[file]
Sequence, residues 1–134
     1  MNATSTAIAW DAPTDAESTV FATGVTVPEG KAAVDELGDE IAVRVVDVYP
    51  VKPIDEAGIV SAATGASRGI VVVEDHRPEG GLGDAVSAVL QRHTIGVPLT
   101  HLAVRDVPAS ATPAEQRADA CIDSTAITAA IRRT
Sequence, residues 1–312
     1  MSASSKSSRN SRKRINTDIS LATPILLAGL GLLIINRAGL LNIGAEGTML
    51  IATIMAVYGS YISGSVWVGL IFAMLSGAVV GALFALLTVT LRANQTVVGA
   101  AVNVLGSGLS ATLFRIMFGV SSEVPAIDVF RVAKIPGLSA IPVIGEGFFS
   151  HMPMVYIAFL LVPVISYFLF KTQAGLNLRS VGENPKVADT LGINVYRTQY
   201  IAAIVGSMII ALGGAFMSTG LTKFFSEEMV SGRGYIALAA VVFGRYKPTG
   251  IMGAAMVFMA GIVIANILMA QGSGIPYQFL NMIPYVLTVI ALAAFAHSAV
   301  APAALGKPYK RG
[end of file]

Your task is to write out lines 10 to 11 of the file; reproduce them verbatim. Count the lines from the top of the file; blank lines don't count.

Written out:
   201  IAAIVGSMII ALGGAFMSTG LTKFFSEEMV SGRGYIALAA VVFGRYKPTG
   251  IMGAAMVFMA GIVIANILMA QGSGIPYQFL NMIPYVLTVI ALAAFAHSAV